One of the most important things to consider when buying a new car is its long-term ownership costs. A part of your ownership cost calculation is your total fuel costs. While there may be considerably less math if you’re buying an EV, you will need to do some back-of-the-napkin estimates if you’re purchasing a gas-powered vehicle, especially one with below-average fuel economy. You’ll also want to consider whether your prospective purchase requires premium or regular gasoline. Don’t know the difference? Here’s what you need to know.
What’s the difference between regular gas and premium gas?
It’s not uncommon for many longtime drivers not to know the difference between regular, plus, and premium fuel. Sometimes, you’ll even see premium plus (alternatively known as super or supreme) gas. After all, most cars take regular, with premium and premium plus usually reserved for more expensive and performance-focused vehicles. The difference between these three is their different levels of octane – another term whose definition many drivers don’t know.
As per Erie Insurance, octane measures a fuel’s compression. When we talk about octane, we’re talking about how much compression a particular fuel can take when placed in an engine without detonating. Fuels with higher octane numbers can take more compression than those with lower numbers. Automakers design engines with different compressibility to achieve different outputs. For example, high compression engines are generally designed to provide high power. However, they need high octane fuel to do so.
It’s important to note that a high-compression engine doesn’t produce relatively higher power because of the fuel itself. It does so because of the high compression the engine is designed to produce. However, to work properly, it needs high octane fuel. Using lower octane fuel can result in the engine not working properly or damage the engine over time.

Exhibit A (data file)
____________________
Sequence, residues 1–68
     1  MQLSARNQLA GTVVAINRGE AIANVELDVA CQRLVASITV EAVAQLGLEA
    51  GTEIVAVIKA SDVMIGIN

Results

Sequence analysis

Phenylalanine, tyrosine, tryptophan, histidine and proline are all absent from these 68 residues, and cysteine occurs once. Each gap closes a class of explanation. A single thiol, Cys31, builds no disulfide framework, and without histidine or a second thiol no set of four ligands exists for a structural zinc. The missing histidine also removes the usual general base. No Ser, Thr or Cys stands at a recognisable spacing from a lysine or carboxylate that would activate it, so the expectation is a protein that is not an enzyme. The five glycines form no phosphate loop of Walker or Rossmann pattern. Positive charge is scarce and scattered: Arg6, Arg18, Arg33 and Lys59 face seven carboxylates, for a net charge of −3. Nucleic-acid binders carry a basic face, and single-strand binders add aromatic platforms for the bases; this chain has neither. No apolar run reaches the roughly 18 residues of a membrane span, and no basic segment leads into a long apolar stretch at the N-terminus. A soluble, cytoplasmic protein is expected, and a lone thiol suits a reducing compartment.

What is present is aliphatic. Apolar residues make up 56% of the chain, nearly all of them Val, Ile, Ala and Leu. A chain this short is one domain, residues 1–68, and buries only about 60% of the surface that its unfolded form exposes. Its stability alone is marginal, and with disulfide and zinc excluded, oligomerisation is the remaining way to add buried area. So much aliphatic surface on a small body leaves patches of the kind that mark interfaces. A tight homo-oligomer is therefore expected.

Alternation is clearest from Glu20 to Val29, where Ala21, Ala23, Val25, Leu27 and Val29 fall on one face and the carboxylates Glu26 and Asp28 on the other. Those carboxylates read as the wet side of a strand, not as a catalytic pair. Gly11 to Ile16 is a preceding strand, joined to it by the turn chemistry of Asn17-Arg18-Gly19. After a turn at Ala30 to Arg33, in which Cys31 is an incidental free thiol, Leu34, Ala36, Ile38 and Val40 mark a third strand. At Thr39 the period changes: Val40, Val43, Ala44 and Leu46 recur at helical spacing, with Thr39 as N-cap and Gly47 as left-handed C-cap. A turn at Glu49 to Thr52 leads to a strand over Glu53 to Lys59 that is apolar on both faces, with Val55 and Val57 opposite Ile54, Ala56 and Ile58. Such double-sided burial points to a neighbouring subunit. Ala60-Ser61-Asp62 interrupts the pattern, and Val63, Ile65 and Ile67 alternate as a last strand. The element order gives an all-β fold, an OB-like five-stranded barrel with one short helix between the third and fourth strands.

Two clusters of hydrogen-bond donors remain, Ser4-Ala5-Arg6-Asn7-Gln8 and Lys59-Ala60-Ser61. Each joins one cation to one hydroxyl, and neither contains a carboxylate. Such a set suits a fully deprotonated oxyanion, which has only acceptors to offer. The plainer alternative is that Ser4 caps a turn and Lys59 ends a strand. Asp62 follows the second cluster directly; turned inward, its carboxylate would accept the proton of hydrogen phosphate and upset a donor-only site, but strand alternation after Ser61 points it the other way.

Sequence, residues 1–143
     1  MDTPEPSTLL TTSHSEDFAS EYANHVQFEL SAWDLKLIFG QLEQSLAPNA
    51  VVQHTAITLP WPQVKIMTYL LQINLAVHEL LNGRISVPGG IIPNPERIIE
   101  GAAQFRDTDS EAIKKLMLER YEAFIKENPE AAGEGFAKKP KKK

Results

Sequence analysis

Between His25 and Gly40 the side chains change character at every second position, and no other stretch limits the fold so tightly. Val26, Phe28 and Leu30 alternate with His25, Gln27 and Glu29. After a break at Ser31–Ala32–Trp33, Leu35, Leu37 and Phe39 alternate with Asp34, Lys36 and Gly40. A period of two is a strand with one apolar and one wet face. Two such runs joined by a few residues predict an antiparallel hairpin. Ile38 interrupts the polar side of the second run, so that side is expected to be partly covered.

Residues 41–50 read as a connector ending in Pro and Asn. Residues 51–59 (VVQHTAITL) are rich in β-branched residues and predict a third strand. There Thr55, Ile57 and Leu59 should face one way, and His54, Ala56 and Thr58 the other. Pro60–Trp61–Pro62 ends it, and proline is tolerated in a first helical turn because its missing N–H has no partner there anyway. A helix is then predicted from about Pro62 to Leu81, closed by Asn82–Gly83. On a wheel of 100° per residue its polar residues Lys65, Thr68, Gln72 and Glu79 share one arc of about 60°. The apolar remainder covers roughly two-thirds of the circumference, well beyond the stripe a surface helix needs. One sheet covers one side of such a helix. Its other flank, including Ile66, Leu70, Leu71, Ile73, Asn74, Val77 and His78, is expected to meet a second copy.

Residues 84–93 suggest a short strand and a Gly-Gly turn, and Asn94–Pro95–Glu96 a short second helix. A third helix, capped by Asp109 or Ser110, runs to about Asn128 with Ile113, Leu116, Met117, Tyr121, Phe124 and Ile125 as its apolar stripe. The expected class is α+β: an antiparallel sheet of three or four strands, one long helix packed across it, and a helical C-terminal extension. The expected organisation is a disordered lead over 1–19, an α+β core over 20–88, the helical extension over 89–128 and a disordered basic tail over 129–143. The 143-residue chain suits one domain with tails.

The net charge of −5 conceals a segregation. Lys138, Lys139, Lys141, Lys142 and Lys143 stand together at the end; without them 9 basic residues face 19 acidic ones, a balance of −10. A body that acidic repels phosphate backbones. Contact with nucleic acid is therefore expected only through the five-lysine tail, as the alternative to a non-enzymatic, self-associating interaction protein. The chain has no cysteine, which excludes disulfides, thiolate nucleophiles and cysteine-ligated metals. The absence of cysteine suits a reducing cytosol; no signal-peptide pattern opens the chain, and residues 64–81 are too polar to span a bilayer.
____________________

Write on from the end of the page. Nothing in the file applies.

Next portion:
What are the different octane levels?
At any gas station, you’ll see a cluster of three to four pumps with different octane levels. According to AAA, most of us drive cars that require regular gasoline. Regular gasoline has the lowest octane level, which is approximately 87. Next to regular gasoline, you’ll find what the U.S. Energy Information Administration refers to as midgrade fuel, which typically has an octane level of 89 to 90. You won’t find the word “Midgrade” on any pump. Instead, you’ll find midgrade fuel referred to as “Plus.”
You’ll also find premium gas next to midgrade. Premium gas is the highest octane level and typically has an octane level of between 91 and 94. However, sometimes, you’ll find a pump marked “Premium Plus” or “Supreme.” This fuel typically is over 93. It also costs more per gallon than with midgrade or regular—the lower the octane level, the cheaper the gas.
Regardless of the labels at the gas station, your owner’s manual will tell you what octane level of gas your car can safely use. Unfortunately, many drivers ignore the manual. In 2016, AAA estimated that Americans wasted $2.1 billion a year putting premium fuel in vehicles designed to work on regular gas. The study noted that drivers expected superior performance when using premium fuel. However, there was no difference in performance when doing so. AAA encourages owners looking for improved performance to purchase top-tier gas from high-quality fuel providers, as retail gas stations provide fuel that varies significantly in quality, regardless of octane level.
What about mixing gas?
While you can put premium gas in a car requiring regular gas (and waste money doing so), you should not put regular gas in a vehicle whose engine requires high octane fuel. Doing so can damage your engine. Additionally, if you have a vehicle requiring plus or premium gas and are on a tight budget, you may wonder if mixing regular and higher-octane gas might help you save a couple of bucks.
It’s not a good idea, as it will still damage your engine. No matter how much you save in the short-term, engine damage can be financially catastrophic. Moreover, mixing the two may void your warranty, leaving you to cover engine damage – and the cost of other, future repairs – on your own.
If you’re facing tough economic times and already have a vehicle that requires premium gas, it may be time for a downgrade. So, if you’re looking for a new car that requires premium fuel, especially one that doesn’t have excellent gas mileage, you should seriously consider whether you can afford it over the long term.